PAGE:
Google already has a presence in Kirkland, Wash., where it employs hundreds of people who work on products such as Maps and the Chrome web browser.
Now, the tech giant is giving Kirkland residents free Internet access.
Google today announced a $200,000 donation to the City of Kirkland for a free WiFi network at Everest Park and Houghton Beach Park — both of which are within one mile of Google’s office. The money will support the network for three years.
“Kirkland’s parks are one of those places where civic engagement happens naturally — we hope that adding wifi coverage will benefit the community and enhance their experience of all the great things that Kirkland has to offer,” Darcy Nothnagle, Google’s Head of External Affairs for the Northwest, said in a statement.
The City of Kirkland already offers free WiFi in most parts of downtown, Peter Kirk Park, and Marina Park.
“This expanded service is such a complement to Kirkland’s character as a vibrant, connected community,” Mayor Amy Walen said in a statement. “We are extremely grateful to have Google as a supportive neighbor and appreciate the generous donation they have made to make wireless available in two of our most popular parks.”
The WiFi network will go live on July 6 at 4 p.m., when the City of Kirkland is hosting an appreciation event at Everest Park. Though there’s a new WiFi system at the parks, here’s to hoping parents don’t spend too much time texting and checking e-mail while taking their kids to the playground.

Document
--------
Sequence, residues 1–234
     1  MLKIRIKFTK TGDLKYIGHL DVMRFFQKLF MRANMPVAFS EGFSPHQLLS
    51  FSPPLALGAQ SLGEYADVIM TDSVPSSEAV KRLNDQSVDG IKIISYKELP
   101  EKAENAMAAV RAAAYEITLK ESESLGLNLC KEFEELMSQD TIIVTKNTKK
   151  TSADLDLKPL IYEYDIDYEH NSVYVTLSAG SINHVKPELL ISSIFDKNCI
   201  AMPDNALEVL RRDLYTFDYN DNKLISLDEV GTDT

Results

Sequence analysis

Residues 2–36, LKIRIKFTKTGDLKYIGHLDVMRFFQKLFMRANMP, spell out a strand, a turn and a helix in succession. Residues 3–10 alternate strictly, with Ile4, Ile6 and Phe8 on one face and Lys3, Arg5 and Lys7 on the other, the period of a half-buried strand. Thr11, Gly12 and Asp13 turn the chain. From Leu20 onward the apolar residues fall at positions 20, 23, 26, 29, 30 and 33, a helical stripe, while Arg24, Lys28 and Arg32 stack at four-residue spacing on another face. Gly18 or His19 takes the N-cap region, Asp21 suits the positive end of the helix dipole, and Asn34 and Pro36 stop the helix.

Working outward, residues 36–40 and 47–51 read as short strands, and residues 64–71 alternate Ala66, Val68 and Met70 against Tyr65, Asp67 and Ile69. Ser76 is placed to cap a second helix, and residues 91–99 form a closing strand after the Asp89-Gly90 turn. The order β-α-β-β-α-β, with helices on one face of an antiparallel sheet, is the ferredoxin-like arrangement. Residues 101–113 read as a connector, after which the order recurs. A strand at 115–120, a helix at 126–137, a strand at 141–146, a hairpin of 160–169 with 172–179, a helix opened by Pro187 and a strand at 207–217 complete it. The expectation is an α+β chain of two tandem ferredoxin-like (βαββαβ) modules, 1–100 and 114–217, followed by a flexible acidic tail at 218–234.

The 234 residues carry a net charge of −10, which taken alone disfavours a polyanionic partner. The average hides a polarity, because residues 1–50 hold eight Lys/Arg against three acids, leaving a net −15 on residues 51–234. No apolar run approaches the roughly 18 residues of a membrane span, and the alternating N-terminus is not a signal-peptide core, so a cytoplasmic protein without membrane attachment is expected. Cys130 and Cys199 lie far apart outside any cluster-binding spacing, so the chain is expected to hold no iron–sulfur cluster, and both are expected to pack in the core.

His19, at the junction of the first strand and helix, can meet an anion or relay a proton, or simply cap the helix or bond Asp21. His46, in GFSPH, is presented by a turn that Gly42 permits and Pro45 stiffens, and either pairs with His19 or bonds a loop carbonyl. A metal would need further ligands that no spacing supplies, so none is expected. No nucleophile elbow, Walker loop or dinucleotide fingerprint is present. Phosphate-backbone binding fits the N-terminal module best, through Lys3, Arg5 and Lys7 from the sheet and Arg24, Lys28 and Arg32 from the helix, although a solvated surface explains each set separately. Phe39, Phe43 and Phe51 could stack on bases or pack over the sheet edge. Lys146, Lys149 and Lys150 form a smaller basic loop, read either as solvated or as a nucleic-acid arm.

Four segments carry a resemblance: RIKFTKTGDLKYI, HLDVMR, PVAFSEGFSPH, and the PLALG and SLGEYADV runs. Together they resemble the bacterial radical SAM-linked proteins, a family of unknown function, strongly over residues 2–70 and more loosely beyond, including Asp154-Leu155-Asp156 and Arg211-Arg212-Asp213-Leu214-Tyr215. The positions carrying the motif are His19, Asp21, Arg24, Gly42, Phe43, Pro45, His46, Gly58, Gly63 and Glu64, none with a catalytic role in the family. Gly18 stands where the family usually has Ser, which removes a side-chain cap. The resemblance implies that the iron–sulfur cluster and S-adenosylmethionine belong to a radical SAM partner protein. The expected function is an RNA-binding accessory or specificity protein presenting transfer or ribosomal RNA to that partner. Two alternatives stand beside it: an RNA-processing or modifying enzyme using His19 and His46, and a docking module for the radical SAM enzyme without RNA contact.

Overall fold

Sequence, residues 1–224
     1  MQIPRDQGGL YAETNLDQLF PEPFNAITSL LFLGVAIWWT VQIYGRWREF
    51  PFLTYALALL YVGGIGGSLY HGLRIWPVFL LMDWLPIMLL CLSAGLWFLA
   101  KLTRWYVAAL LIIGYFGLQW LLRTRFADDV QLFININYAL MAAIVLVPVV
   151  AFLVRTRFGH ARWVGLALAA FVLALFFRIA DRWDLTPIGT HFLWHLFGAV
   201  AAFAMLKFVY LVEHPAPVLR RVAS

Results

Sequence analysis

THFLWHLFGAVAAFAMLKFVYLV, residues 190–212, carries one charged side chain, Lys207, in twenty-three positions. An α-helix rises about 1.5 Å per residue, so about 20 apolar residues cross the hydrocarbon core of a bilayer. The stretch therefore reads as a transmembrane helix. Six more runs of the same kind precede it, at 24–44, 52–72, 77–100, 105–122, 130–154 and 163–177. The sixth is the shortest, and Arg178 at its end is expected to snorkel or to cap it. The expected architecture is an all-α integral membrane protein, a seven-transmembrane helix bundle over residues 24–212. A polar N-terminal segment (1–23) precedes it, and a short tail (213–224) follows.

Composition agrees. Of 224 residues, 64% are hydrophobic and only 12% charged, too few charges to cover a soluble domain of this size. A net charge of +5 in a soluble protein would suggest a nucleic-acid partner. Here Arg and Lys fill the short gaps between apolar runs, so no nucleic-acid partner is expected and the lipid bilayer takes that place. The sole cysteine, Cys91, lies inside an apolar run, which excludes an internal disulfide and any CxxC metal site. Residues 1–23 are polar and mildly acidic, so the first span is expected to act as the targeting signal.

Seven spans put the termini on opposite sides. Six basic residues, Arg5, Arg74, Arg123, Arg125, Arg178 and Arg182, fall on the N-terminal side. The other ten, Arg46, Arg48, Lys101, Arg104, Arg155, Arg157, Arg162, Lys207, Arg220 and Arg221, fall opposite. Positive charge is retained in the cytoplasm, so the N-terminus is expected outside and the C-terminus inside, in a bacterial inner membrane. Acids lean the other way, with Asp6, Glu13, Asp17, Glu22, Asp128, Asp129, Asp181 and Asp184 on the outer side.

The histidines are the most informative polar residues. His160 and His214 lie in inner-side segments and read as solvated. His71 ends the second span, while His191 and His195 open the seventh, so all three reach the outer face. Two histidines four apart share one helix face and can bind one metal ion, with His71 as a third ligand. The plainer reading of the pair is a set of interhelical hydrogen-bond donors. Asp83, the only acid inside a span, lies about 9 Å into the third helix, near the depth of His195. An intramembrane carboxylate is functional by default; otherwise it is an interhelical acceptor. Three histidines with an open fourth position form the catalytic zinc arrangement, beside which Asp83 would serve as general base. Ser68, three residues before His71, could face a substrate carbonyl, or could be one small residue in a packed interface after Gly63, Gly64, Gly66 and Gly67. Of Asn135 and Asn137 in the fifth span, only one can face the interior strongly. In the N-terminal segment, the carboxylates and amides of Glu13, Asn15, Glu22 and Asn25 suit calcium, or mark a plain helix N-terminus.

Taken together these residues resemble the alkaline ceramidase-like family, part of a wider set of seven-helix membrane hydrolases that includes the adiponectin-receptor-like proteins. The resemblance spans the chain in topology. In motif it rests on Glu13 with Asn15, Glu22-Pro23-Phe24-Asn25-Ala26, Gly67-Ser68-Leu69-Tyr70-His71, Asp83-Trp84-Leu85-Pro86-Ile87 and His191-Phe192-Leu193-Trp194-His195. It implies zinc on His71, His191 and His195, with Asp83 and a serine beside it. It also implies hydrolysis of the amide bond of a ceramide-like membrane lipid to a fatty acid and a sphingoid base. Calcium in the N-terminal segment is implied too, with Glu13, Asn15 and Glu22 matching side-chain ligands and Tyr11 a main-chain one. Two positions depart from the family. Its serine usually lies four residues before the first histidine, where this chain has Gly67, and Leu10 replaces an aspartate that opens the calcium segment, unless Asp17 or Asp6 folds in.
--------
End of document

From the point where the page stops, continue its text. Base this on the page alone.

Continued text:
Google, headquartered in Silicon Valley, first established a presence in the Seattle-area with its Kirkland outpost 10 years ago. The search giant now employs more than 1,000 people in the region, split between offices in Kirkland, Bothell and Seattle’s Fremont neighborhood.
In 2013, the company announced plans to add onto its Kirkland campus with a new 180,000 square foot development, one with enough room for an additional 700 employees. The new building, located a few miles from rival Microsoft’s sprawling Redmond campus, is slated to be completed this year.
Last month, Google gave the City of Seattle a $225,000 grant that allowed the Seattle Public Library to offer lendable mobile hotspots. The company has yet to offer its high-speed Google Fiber service in Seattle — former Mayor Mike McGinn tried convincing Google to offer the service in 2010, but ultimately the Emerald City was not picked. Former City of Seattle CTO Bill Schrier blamed the “Seattle Process” and bureaucracy at City Hall as roadblocks to Google Fiber.
Earlier this week, a Google-backed startup called Sidewalk Labs announced plans to build a free WiFi network in New York City.
On a related note, Microsoft partnered with the City of Seattle for a new WiFi network at Seattle Center that debuted in March.